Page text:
Skip to main content

Police guard the scene where 39 bodies were discovered in a truck container at an industrial site south of London.

PETER NICHOLLS/Reuters

Police in Britain are trying to identify the names and nationalities of 39 bodies found packed into in the back of a truck east of London as concern grows that people smugglers are exploiting weak security at ports in Britain and Belgium.

Essex police said the truck was found just before 2 a.m. on Wednesday in an industrial park in Grays, a town along the River Thames. Of the 39 bodies, 38 were adults and one was a teenager.

Police believe the trailer containing the bodies was picked up in the Purfleet container facility near Grays at around 1 a.m. The truck hauling the trailer had come from Northern Ireland and a 25-year man from Northern Ireland has been arrested. Media outlets have named him as Mo Robinson.

Story continues below advertisement

The trailer is believed to have travelled on a ferry from the Belgian port of Zeebrugge and it arrived at Purfleet around 12:30 a.m. It’s not clear how the trailer got to Belgium or how far the people inside had travelled.

"This is a tragic incident where a large number of people have lost their lives. Our inquiries are ongoing to establish what has happened,” Chief Superintendent Andrew Mariner said. "We are in the process of identifying the victims, however I anticipate that this could be a lengthy process.”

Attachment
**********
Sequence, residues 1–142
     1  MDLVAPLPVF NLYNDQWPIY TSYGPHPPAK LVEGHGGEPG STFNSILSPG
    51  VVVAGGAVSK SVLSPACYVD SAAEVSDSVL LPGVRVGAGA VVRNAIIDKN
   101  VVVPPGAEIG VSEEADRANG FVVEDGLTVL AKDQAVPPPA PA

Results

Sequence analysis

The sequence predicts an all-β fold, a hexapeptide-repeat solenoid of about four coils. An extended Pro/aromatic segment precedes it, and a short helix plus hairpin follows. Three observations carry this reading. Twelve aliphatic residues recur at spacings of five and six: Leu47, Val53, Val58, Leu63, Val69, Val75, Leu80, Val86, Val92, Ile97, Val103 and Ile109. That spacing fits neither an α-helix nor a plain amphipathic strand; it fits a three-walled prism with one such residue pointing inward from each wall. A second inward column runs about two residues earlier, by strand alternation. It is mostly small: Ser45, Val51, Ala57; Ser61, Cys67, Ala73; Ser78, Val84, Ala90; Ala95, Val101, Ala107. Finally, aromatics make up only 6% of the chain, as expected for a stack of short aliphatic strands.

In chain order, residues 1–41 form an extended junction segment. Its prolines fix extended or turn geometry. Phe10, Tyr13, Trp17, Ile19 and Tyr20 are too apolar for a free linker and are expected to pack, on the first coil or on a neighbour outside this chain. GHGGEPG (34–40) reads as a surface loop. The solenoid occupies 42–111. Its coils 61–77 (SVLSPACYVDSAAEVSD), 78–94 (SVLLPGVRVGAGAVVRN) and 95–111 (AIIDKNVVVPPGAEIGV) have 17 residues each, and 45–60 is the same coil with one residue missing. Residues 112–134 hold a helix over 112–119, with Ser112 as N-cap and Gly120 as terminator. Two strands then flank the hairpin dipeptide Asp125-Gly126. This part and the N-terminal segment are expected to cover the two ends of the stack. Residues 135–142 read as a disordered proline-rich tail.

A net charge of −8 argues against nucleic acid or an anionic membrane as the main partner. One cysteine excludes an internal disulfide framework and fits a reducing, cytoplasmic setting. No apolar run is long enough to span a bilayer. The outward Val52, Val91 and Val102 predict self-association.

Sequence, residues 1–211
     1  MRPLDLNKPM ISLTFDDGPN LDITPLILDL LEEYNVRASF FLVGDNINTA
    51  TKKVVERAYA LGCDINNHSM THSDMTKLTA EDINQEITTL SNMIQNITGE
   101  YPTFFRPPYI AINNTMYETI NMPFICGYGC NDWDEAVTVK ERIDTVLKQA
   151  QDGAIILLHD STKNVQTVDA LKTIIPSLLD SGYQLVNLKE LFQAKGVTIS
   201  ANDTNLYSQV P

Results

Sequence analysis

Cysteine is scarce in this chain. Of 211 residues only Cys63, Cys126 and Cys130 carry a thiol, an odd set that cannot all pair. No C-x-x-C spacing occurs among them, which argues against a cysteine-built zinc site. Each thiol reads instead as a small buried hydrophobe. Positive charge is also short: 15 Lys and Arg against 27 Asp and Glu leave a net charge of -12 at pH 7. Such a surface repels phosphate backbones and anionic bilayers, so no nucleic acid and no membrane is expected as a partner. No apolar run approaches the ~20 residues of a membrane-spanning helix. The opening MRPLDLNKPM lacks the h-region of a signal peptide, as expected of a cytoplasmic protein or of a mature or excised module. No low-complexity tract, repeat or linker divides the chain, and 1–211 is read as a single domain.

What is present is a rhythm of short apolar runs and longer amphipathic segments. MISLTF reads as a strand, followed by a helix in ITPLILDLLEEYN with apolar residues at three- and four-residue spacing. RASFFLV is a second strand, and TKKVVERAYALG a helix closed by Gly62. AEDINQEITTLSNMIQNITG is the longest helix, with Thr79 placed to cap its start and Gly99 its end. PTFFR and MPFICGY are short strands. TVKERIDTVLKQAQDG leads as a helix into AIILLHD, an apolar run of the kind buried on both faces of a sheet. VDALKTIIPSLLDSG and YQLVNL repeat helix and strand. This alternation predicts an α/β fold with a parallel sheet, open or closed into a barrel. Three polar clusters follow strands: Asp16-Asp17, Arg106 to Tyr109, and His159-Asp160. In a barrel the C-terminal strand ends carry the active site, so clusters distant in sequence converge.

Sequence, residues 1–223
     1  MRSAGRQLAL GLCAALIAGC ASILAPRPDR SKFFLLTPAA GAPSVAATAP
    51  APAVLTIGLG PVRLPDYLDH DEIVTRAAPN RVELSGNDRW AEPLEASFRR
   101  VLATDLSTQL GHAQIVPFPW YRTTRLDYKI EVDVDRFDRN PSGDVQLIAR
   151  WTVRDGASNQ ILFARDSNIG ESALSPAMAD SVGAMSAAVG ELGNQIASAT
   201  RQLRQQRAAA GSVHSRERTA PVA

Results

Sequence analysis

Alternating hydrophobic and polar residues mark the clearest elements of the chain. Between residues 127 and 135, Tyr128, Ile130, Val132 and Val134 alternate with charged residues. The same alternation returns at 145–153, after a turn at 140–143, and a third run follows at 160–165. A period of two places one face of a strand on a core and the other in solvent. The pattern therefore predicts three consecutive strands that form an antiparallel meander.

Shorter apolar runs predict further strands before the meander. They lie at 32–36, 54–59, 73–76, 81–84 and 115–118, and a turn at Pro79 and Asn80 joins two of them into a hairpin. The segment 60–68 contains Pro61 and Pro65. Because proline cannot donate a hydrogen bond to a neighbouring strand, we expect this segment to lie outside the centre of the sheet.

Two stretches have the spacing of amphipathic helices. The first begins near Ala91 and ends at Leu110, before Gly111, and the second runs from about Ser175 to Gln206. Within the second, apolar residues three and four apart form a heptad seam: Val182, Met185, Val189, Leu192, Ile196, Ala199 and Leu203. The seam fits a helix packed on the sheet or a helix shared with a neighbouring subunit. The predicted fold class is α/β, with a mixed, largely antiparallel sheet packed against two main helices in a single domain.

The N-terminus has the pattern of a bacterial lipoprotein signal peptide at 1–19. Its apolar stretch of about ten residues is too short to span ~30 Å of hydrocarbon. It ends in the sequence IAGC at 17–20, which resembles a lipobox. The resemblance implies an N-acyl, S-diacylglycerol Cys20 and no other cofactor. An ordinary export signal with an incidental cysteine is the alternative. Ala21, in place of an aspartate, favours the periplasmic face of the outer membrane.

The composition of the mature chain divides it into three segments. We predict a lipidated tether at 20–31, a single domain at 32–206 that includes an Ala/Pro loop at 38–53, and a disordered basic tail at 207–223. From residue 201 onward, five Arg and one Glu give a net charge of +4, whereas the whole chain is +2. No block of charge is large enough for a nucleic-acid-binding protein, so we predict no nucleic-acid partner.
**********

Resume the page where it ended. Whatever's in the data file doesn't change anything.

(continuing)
Prime Minister Boris Johnson called the tragedy “truly heartbreaking.” In a statement the House of Commons he added, ”All such traders in human beings should be hunted down and brought to justice.”

The case has raised new questions about security at ports and what happens after Britain leaves the European Union. There are fears that a disorderly Brexit could cause havoc at the border and weaken security if there’s a lack of co-operation or if officials become overwhelmed with customs checks.

Most freight traffic enters Britain through the port of Dover from Calais, France, and security has been increased by both countries to stop people smuggling. A crackdown on migrant camps in Calais has also led them to move to Zeebrugge on the Belgian coast, which has struggled to cope with the influx.

Zeebrugge’s port is a major shipping centre and around half of its trade is with Britain. The port handles 70 ship sailings a week to Britain and it’s one of the world’s largest transit points for new vehicles. It also specializes in shipping unaccompanied trailers, where one driver drops off a trailer for shipping and another driver picks it up on arrival. The trailers are supposed to be sealed and checked to ensure they have not been opened or tampered with on the way.

Zeebrugge has become a hot spot for people smuggling, according to Britain’s National Crime Agency. “The majority of clandestine attempts to enter the U.K. involve concealments in [heavy goods vehicles] and other motor vehicles from Calais, Zeebrugge or through the Eurotunnel,” the agency said in its 2019 annual report. “Migrants put themselves in the hands of criminals, who use different methods to transport them, often in difficult and dangerous conditions.”

Story continues below advertisement

Security has also come into question at the Purfleet port, which specializes in container traffic and carries out limited inspections. The events in Essex “puts into question on both sides the robust nature of how trailers are checked in and out,” said Richard Burnett, chief executive of the Road Haulage Association, which represents the British freight industry.